Spring Training is finally over. Opening Day is almost here, and we grow anxious for the games that have meaning.
This off season has had a much different feel then just one year ago. Going into last season many experts had the Rockies not only wining the National League West, but competing for a World Series. As we know though, the Rockies entered September approaching 90 losses, surrendering the division to the Arizona Diamondbacks.
This off season featured a complete over haul of the clubhouse that was said by Rockies GM Dan O' Dowd to be about getting the right attitude in the clubhouse. Instead of a World Series, many experts have the Rockies finishing 4th in the National League West.
Opening Day is upon us. As we wait for Friday's opener in Houston, here are the 5 biggest story lines to watch for during the 2012 season.
This is the team's biggest question in 2012. If the Rockies want to win their first divisional title and a World Series, Tulowitzki is the key. How he responds to this leadership role is essential for the team's future.
Up to this point, Tulowitzki hasn't responded well to pressure.
Many times he has gone up to the plate with runners on, swings at the first pitch, resulting in a pop-up for an out. As games wear on, Tulowitzki's batting average also decreases in later innings.
A team leader who has a $134 million contract needs to step up in late-inning situations.
This season, Rockies fans are left to ask: Can he step up?
Many fans would agree that this "indefinite handshake" between Jim Tracy and Dan O' Dowd is confusing.
Since Jim Tracy came aboard in 2009, when the Rockies went 74-42 with a playoff appearance, they have since gone 156-162 and haven't made the playoffs.
These numbers certainly don't warrant an extension. Fans are left to wonder: why is this mediocrity being rewarded?
Does the handshake mean Jim Tracy can be let go if his team doesn't win? Or is this a clever move from O’ Dowd to help Tracy relax, not dwell on his line-ups and go out and manage?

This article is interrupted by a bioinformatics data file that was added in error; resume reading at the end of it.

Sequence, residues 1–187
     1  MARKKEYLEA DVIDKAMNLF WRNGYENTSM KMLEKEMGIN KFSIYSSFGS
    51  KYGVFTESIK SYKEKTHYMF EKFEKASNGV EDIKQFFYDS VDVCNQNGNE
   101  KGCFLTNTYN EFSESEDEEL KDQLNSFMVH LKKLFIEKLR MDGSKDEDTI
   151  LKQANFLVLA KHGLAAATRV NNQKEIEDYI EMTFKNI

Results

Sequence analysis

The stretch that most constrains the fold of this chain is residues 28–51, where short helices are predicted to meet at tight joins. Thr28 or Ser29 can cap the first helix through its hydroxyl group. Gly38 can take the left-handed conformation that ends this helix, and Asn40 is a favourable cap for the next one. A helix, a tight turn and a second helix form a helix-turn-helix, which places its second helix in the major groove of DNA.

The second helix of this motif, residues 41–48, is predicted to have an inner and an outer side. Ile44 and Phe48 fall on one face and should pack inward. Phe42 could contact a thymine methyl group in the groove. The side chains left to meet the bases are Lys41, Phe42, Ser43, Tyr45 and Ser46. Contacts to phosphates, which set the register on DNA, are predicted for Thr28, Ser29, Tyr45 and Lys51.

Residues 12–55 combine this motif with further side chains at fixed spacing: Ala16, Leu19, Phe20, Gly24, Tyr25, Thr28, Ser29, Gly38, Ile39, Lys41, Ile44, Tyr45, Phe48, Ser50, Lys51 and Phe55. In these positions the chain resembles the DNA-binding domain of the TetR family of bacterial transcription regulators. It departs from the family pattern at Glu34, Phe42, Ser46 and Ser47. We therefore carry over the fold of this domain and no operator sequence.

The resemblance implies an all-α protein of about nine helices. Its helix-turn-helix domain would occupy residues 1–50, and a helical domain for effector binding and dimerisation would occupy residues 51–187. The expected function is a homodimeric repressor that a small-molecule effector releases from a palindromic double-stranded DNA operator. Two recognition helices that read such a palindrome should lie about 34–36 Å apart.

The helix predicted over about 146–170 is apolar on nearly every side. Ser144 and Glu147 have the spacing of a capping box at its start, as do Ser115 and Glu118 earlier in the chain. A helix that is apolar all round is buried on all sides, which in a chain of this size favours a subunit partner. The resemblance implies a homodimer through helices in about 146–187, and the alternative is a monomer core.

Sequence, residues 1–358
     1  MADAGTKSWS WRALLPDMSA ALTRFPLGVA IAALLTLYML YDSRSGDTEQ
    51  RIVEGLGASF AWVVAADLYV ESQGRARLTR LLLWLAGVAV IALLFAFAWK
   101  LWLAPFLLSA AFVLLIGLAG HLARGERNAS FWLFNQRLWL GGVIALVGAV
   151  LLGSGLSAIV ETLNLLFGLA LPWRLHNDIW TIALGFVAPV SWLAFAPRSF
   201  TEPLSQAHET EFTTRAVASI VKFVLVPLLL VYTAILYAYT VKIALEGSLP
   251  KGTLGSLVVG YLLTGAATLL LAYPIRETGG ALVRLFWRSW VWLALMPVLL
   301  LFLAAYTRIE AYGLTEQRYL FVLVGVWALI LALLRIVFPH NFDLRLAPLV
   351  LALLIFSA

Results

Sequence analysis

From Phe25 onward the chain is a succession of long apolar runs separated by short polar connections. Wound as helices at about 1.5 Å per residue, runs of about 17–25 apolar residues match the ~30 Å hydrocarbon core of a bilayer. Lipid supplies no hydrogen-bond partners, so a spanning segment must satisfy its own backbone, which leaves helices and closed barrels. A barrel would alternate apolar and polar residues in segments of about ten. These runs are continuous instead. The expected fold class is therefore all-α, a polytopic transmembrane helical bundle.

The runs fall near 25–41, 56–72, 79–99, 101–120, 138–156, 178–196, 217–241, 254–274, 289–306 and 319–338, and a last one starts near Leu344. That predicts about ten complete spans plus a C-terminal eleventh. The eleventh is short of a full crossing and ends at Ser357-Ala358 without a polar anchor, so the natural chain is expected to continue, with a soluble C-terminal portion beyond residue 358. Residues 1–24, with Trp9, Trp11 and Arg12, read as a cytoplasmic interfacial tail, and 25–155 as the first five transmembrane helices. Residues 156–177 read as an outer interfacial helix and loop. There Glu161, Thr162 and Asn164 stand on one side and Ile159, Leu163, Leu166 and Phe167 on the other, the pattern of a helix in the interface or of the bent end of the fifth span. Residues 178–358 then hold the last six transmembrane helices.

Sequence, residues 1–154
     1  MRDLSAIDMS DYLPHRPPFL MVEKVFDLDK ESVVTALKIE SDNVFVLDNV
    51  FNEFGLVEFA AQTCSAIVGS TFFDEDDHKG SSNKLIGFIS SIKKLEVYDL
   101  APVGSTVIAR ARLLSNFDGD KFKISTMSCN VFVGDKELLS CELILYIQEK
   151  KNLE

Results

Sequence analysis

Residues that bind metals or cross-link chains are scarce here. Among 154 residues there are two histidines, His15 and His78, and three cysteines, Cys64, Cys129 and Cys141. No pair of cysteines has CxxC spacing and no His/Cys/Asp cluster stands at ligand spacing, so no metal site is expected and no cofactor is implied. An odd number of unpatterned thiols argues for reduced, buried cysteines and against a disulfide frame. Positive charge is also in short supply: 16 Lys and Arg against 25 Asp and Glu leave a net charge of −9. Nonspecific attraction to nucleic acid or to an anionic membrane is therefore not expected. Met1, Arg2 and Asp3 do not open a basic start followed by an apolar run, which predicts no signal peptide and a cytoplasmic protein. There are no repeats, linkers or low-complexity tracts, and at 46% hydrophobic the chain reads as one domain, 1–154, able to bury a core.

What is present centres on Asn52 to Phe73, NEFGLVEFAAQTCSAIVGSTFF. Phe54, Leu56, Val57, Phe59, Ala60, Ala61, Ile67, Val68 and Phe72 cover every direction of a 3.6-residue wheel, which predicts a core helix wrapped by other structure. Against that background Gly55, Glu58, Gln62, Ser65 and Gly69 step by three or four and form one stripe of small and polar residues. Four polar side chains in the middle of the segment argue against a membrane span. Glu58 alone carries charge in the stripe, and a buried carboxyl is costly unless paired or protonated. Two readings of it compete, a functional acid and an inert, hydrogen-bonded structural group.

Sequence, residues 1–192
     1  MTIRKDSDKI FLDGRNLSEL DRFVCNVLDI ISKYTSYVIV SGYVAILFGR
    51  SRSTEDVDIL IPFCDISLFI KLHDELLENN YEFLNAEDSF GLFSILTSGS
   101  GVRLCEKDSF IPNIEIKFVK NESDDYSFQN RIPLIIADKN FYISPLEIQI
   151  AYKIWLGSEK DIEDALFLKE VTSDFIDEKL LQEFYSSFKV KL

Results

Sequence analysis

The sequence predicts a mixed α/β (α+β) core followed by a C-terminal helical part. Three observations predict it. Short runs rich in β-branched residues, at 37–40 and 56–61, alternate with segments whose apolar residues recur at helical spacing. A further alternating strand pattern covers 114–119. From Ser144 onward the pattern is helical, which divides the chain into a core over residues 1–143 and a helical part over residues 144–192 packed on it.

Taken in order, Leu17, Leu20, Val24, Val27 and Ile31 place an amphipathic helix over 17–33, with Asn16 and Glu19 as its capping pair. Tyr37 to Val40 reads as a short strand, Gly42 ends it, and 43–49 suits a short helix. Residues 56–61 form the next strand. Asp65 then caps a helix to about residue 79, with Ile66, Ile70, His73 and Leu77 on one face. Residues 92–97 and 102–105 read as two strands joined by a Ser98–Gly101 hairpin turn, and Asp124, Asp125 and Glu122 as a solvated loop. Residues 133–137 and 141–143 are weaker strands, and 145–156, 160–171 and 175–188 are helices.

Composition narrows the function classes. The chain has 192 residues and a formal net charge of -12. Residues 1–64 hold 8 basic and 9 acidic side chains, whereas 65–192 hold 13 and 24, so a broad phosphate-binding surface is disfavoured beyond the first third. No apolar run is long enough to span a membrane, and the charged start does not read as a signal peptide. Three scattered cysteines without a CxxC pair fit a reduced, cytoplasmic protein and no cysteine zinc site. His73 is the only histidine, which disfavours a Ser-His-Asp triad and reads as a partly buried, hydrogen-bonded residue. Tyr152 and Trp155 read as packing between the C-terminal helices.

Once again, Rockies fans can point to the uncertainties of the starting rotation.
Since 2008 only one Rockies pitcher—Ubaldo Jimenez—has pitched over 200 innings, but he is no longer on the roster.
Jhoulys Chacin came close last season with just over 194 innings pitches.
But baseball fans know the importance of starting pitching, and the Rockies lack the presence of a true ace in their rotation.
Jeremy Guthrie has been named the opening day starter, but he doesn't fit the definition of an ace. Guthrie is known for pitching late in games, and he is coming from the most brutal division in baseball.
How will this translate to the NL in a hitter friendly park like Coors Field? His 9-17 record last season is also questionable, but when you look at the amount of run support he received, it's more understandable.
There was a point last season when Guthrie was 1-7, but during those games, the Orioles scored only six runs. And when you look closer, there were five games when the Orioles hadn't provided a single run in support of Guthrie.
Jhoulys Chacin is still struggling with his command. But the Rockies hope he can become the ace Jimenez couldn't.
At this point though, the similarities between the two are starting to become a concern. At 24, Chacin already has 54 major league starts. There's no reason he can't perform. Last June, Chacin worked a stretch of four starts and only allowed three runs.